In the back corner of McNeal Pavilion, tucked away at the end of a hallway next to the gymnasium, is a room known for producing champions. The warm, sticky-sweet smell of sweat hangs in the air. A blanket of humidity settles just outside the doorway, and somewhere inside the darkened room grunts and groans escape and echo down the hall.




This is the SOU wrestling room. Dim halogen lights shine down on the gray, drab wrestling mats. Across the floor pairs of wrestlers circle each other, poised to attack at any moment. A coach stands in the middle of the room surveying the action. Occasionally he'll call out instructions, but he quickly goes silent and watches. In here it's all business; and the room is nothing if not barely essential.




Wrestling close to the doorway, the next potentially great Raider grappler circles his opponent. He moves in a crouched position, his hands held low to the ground. Cold black eyes stare straight ahead, looking for an opening. Then, almost too fast to see, his hands strike out and snare his opponents ankles. Quickly he slides his body forward and steps through his opponent, taking him straight to the mat. He hops off and his opponent stands, and immediately they are circling one another again.




The attacker is Trevor Lofstedt, SOU's All-American last year at 125 pounds and the NAIA's top-ranked wrestler at that weight this year. He, like many athletes before him, has come to this room with one goal in mind: win a national championship. But in a sport driven so often by personal desire, Lofstedt carries the weight of other's expectations as well.




His father, Brent Lofstedt, won back-to-back national championships for the Raiders in 1982 and 1983 using a variation of a blanket ride called "The Lofstedt". He was also named SOU's Most Outstanding Wrestler that season as he helped lead the Raiders to the first of their four team national championships.




Growing up, Brent taught the family hold to Trevor, and the younger Lofstedt has used it ever since. The move is used to control an opponent while riding from the top position. Essentially Lofstedt drapes himself across his opponent's back and grabs their far ankle. Then he slides his other arm under his opponent's armpit, using his elbow as a lever on the back of his opponent's head. From there its all about controlling the down man's body position and using his own desperation against him.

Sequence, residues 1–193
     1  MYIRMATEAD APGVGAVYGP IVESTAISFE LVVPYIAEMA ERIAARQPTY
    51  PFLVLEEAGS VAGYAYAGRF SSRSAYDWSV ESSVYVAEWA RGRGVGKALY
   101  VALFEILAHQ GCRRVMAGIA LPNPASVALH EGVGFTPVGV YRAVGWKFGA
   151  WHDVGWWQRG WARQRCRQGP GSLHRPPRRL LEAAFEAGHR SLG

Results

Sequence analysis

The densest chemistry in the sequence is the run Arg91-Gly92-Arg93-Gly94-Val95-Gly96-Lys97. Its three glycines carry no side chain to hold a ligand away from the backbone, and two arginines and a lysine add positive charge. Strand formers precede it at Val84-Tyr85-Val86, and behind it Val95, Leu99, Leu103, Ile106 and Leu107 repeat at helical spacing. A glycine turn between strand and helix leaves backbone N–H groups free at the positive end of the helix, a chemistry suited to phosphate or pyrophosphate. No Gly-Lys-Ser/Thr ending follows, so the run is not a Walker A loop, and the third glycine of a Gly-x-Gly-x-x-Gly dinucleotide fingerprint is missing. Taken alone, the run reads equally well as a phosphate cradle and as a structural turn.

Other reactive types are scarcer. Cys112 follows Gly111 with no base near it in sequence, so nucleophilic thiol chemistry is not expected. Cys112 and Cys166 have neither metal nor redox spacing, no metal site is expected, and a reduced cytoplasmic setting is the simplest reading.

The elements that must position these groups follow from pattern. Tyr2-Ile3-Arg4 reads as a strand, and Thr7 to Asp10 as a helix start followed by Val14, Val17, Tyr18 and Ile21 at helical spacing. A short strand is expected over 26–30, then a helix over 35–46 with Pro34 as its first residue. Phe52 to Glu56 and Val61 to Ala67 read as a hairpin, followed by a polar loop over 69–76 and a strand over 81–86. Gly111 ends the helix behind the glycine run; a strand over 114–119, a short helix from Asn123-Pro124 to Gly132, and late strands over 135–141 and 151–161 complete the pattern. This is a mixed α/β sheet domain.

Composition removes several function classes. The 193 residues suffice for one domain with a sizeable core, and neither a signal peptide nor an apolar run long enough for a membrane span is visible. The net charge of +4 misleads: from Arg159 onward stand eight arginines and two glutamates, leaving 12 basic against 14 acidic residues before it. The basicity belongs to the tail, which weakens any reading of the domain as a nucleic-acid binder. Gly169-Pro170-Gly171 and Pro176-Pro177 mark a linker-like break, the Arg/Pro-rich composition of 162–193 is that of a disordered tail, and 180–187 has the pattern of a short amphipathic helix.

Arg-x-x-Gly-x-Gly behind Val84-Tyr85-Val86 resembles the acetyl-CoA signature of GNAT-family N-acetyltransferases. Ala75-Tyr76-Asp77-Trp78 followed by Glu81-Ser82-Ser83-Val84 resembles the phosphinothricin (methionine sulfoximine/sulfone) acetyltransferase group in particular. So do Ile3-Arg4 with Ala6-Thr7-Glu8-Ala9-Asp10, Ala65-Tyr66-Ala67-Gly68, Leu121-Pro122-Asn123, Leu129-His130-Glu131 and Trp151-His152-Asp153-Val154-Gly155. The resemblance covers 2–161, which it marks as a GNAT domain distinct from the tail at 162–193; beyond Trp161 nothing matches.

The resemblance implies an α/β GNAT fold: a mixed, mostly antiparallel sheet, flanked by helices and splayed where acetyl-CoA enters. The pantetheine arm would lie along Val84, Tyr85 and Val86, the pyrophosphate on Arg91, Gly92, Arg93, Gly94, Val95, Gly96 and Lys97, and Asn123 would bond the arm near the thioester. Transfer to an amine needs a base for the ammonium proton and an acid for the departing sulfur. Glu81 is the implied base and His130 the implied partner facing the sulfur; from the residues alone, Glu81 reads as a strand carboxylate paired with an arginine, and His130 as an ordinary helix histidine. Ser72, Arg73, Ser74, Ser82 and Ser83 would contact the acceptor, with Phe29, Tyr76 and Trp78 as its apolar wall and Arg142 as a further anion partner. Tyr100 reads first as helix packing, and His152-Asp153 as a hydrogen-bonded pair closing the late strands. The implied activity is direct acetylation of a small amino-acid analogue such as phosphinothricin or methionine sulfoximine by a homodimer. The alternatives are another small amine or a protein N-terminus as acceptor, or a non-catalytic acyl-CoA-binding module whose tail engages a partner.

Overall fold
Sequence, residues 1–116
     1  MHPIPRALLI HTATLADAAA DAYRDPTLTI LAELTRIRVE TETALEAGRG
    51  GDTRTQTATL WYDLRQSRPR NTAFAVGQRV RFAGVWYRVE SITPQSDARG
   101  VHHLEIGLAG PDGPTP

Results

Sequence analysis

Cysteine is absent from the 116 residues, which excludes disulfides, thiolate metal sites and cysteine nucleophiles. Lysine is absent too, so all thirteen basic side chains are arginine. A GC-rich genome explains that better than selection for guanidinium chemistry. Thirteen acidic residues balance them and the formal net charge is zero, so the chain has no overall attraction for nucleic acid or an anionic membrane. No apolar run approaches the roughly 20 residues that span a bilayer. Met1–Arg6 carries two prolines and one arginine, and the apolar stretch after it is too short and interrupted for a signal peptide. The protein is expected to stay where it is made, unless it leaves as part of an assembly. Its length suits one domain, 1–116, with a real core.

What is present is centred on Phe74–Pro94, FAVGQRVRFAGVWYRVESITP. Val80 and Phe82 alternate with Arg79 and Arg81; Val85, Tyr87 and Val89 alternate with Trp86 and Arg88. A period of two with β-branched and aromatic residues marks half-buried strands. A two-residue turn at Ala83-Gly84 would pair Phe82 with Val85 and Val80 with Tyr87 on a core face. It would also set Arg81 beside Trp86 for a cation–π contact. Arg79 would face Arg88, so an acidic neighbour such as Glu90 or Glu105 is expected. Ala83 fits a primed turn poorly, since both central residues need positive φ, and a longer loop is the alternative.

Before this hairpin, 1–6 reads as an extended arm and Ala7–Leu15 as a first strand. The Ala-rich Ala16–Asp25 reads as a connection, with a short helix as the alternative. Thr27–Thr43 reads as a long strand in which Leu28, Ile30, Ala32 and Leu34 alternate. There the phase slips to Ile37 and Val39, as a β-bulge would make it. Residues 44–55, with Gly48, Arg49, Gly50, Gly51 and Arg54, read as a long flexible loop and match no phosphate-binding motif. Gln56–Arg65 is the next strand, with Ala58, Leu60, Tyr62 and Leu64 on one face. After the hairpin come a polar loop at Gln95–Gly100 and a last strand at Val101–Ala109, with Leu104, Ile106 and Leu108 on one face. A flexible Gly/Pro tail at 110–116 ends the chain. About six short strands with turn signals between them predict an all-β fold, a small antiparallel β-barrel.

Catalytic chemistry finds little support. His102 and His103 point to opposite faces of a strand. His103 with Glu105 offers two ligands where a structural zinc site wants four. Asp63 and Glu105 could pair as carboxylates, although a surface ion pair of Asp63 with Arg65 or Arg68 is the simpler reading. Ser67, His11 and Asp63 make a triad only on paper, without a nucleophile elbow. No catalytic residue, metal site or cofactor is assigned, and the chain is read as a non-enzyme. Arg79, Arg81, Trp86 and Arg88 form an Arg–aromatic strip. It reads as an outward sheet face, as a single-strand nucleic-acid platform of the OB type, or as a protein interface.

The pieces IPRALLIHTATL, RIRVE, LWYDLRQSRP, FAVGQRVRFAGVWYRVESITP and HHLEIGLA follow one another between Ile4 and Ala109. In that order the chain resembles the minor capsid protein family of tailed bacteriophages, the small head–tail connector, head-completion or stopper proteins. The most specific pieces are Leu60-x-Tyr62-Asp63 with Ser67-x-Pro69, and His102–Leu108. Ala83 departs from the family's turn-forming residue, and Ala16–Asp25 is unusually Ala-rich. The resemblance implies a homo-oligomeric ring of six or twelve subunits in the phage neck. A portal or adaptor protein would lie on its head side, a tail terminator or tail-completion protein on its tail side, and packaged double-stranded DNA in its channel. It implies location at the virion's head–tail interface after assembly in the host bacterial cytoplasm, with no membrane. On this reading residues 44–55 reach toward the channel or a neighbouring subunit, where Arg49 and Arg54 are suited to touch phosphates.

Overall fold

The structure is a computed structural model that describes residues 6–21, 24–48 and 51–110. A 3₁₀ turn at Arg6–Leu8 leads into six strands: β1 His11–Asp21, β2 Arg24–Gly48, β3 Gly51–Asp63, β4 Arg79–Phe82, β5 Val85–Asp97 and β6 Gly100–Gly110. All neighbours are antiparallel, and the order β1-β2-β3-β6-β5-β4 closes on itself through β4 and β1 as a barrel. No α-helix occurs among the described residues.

It was during these training sessions with his father that Trevor learned the work ethic that causes coach Richey to call him a "perfectionist". It was during these sessions that the younger Lofstedt heard from his father what it takes to be a champion. Ultimately, this is how Trevor learned to accept nothing less than the best from himself every day.




"When I step on the mat, I wrestle to win every time," Lofstedt said. "I don't care what, I'll do anything I can to win."




With that attitude onto the mat with him, Lofstedt garnered attention. Wrestling fans in the Rogue Valley are quick to recognize the name, and soon questions about when, not if, he is going to win a national title arise.




But the expectations of others are like feathers compared to the weight of Trevor's expectations of himself.




"My only goal is to win a national championship this year," he responds when asked about any personal goals. "I mentally trained to get myself ready for that. I expect myself to win a title and I told myself everyday last year that I would."




"(Lofstedt) is driven to succeed in all areas of his life," says Richey. "He has such a successful mind set. He's constantly positive and supremely confident in his ability to win every time he's out there."




That is the type of attitude Trevor will need if he is to fulfill his expectations. Its also the type of attitude coach Richey hopes the other wrestlers on the Raider squad will take notice of.




The Raiders are gunning for their 38th consecutive winning season, and to achieve that, the relatively young Raider squad will need some leadership.




"We have good senior talent in Jimmy Ulrey and Skyler Massey. And the junior class is very talented with Trevor and others," says coach Richey, talking about the strengths of this year's team. "I think those two [Ulrey and Massey] and our other seniors will need to step up and fill our leadership roles though."




Ulrey, SOU's other All-American at 157 pounds, has high expectations for this season as well. After finishing sixth place at the NAIA national championships last year, the sky is the limit for the senior from Medford.




If the Raider wrestlers are going to achieve the team goal of winning the NAIA Western Regional then two things need to happen.




"Hopefully they [Lofstedt and Ulrey] improve on their finish from last year," says Richey, explaining the leadership on the team. "Their personal goals are high I'm sure. To reach our team aspirations, trophies, they have to come on strong and that carries them towards theirs."




"We want to be regional champions," Richey says about the team goals. " That can really set us up going into the national tournament. We got second place last year and I think we've added enough talent to improve that. It's been three years since we won a regional, so its time. That would be a good indicator of where we are as a team."




The season has just begun and it's impossible to see what lies ahead; but, back inside McNeal Pavilion, down the long hallway next to the gym, Lofstedt, Ulrey and the rest of the Raider wrestling team are busy making themselves into champions.




Sports editor Joe Zavala can be reached at 482-3456 x 224 or joe.